He’s done this through his absolute, fanatical dedication to rap music. “I was the only guy who wanted to learn how to use the S900 sampler [growing up], he says. His early days were spent locked in studios, learning how to put together every aspect of hip-hop production himself. This, he says, was the foundation for his numerous alter egos—although frankly, were not sure whether he’s being serious or just taking the piss. It’s a little hard to tell, with that hat on.
Like his clothing choices and his on-record personalities, his conversation is impossible to pin down. His awfully deep voice bounces around from cycle accidents to the soundsystem setup he bought last year (“My girlfriend cried for two nights when it was in the front room. She couldn’t get to the TV.”) to the new album that he’s been working on (It’s called 4Everevolution—yes, we double-checked the spelling, and no, not even Roots pronounced it right first time).
Selections from the new album have surfaced online already: ‘Watch Me Dance’ is a festival-ready piece of thumping electronica, more dance-friendly than previous Roots tunes, but rocking nonetheless. What’s interesting, however, is how he made the album, making a deliberate attempt to return to the recording circumstances of his first songs. He might have finished up the music at big, professional studios, but it was made somewhere a little closer to home.
“I rented a house and fitted it out with a studio,” he says. “The house was dedicated to making music. I could set up drums in the kitchen, microphones in the toilet. I rented the house for about four and a half years [before using it] but that gave me the right outlines for the record. I’d take the stuff I did there to other studios across London [to finish it up].”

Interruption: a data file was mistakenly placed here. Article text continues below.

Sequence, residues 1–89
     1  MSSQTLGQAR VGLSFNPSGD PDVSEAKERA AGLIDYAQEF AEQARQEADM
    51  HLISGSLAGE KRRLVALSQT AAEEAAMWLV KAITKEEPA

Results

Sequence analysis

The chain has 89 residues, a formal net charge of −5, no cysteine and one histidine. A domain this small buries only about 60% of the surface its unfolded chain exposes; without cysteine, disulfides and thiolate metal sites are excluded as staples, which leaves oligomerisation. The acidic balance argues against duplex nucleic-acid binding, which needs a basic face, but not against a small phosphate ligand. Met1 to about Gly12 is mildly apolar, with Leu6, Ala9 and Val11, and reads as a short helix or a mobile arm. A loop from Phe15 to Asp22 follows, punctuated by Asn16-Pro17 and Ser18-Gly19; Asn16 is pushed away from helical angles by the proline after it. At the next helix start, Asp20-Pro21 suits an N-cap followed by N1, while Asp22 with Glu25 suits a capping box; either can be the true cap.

He’s on a roll now. “It let me have freedom! I kind of returned to that child-like state. It let me focus on making pure music, getting good vibes.” There’s a sense that this album, despite the focussed circumstances of its recording, was very much a team effort. There’s his Banana Klan collective, which is his opportunity to create something bigger than himself: a launching pad that others can use when he’s gone.
He says his proudest moment in his time at Big Dada—the legendary label he’s come to define over the course of his career—wasn’t even his own. “When Speech Debelle won the Mercury Prize—that was the best moment,” he says, name-checking the young MC who took home the prize with her Speech Therapy record. “They didn’t invite me to the show, though!” he rumbles, sounding awfully put-out.
2011 has seen Roots doing his usual round of festival performances—including what was by all accounts and outstanding set at Croatia’s Soundwave festival. “Sun! Sand! Sea! Sex!” he bellows, causing a nearby table to look up in alarm.
“Different festivals have their own ecosystem. There are people who seem to have pledged their allegiance to certain festivals—Big Chill fans who would never be seen dead at Glastonbury. It’s intriguing…That brings out a whole intergalactic nuance to the performance. There are some bands who will just go there and do the album, but there are some bands do go out and do a different set for each event, like we do. The Soundwave set which I’m doing will be nothing like the Jamie Oliver Feastival we’re doing…but festivals are the best job in the world.”
We’re not entirely sure, by the way, what the Roots Manuva summer collection looks like, or what he feels is appropriate for wearing in thirty-degree-plus beach weather. Plus fours and spats, probably. Still, his new album—however awkwardly named—is unlikely to be a poor showing. Just sayin’.Cinematic Orchestra feat. Roots Manuva: All Things To Men